Government has largely deferred to medicine on these matters, despite having considerable skin in the game. The U.S. Public Health Service (PHS) includes eight federal agencies which conduct and fund healthcare services and research—the largest, the National Institutes of Health (NIH), expends over $30 billion annually on basic, clinical, and translational biomedical and behavioral research, primarily through grants to universities, AMCs, and other research institutes. Yet PHS remains agnostic on how to protect the integrity of the research and patient care it supports, allowing each recipient institution to decide which industry ties are permissible.

So what can be done to ensure that medical treatment is guided by what is best for patients, not corporate profits? First, transparency efforts must be strengthened. The PPSA contains several significant reporting exemptions, including gifts and payments to physicians under $10; product samples (which are highly effective at influencing prescribing); and all gifts and payments to nurse practitioners, physician assistants and other non-physician prescribers. Eliminating these exemptions would bring full transparency to companies’ relationships with health care providers.

Second, moving beyond transparency, health care institutions and government should adopt clear ethical guidelines and policies for prescriber-industry ties. The recommendations promulgated by the Institute on Medicine and the Association of American Medical Colleges provide excellent models: These prohibit gratuitous interactions (e.g. gifts and meals in physicians’ offices) and outline strategies for managing arrangements with bona fide educational or scientific merit (e.g. industry scholarships for medical trainees, payments for serving on companies’ scientific advisory boards). Professional medical associations, AMCs, and other health care bodies should adopt and enforce these rigorous standards. Likewise, PHS should require that recipient institutions enact such strong policies to ensure the integrity of publicly funded health care research and services.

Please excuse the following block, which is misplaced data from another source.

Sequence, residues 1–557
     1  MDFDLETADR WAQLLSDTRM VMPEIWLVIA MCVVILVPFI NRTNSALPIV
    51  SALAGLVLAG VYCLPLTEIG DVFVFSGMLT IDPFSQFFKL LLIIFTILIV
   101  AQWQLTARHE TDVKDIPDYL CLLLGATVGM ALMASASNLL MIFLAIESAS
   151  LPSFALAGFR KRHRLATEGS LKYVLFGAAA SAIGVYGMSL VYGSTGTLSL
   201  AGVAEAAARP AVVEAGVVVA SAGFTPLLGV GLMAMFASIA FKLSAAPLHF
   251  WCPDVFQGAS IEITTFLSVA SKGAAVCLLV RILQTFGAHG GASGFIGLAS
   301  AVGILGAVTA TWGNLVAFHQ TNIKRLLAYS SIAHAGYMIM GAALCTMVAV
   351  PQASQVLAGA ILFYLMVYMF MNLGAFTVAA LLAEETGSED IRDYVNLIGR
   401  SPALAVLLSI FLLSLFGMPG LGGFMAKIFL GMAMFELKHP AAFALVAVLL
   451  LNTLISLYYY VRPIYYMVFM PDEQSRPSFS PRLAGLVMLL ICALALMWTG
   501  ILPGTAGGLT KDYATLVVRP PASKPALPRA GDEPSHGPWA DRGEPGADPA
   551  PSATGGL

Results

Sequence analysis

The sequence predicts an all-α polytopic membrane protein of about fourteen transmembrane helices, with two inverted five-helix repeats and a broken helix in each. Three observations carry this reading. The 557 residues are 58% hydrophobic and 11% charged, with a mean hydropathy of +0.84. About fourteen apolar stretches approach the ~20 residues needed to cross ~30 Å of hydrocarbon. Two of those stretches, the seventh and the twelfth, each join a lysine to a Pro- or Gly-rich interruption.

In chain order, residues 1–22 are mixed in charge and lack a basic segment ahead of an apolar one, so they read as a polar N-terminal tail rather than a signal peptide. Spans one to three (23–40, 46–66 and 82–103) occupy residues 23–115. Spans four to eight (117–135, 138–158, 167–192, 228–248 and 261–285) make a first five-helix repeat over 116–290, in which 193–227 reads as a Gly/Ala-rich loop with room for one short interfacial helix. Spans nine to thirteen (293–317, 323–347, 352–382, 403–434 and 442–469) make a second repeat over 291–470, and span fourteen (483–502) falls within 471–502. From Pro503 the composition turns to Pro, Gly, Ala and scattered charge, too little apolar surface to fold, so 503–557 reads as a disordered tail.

Third, the federal government should follow the lead of states that have outlawed some problematic marketing tactics. Vermont, Minnesota, and Massachusetts, for example, have enacted laws banning all or most company meals and gifts to prescribers. In these states, health care providers are free to interact with industry to learn about advances in medical research and patient care, but these interactions must stand on their own merits, not on the lure of meals or gifts. Moreover, Vermont, Maine, and New Hampshire have passed laws prohibiting “data mining,” a practice whereby companies purchase prescription data from pharmacies so as to tailor sales reps’ marketing messages when visiting prescribers. Companies are challenging state data-mining laws in the courts; however, legal analysis suggests that the federal HIPAA Privacy Rule may already prohibit data mining nationally, as it bars the use of protected health information for marketing purposes without patient authorization. The federal government should pursue these promising avenues for curtailing undue industry influence on prescribers.

So long as health care is a business, companies will endeavor to influence medical decision-making. Within this framework, we cannot eliminate the bias of the profit motive, but we can take action to make it as ineffective as possible. Full transparency, high ethical standards, and strong laws and policies would go a long way to ensuring that medical treatment is guided by patients’ needs, not corporate profits.

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Susan Chimonas is a Research Scholar and Director of Research at Columbia University’s Center on Medicine as a Profession. Trained as a sociologist, she is a national expert on managing conflicts of interest in medicine.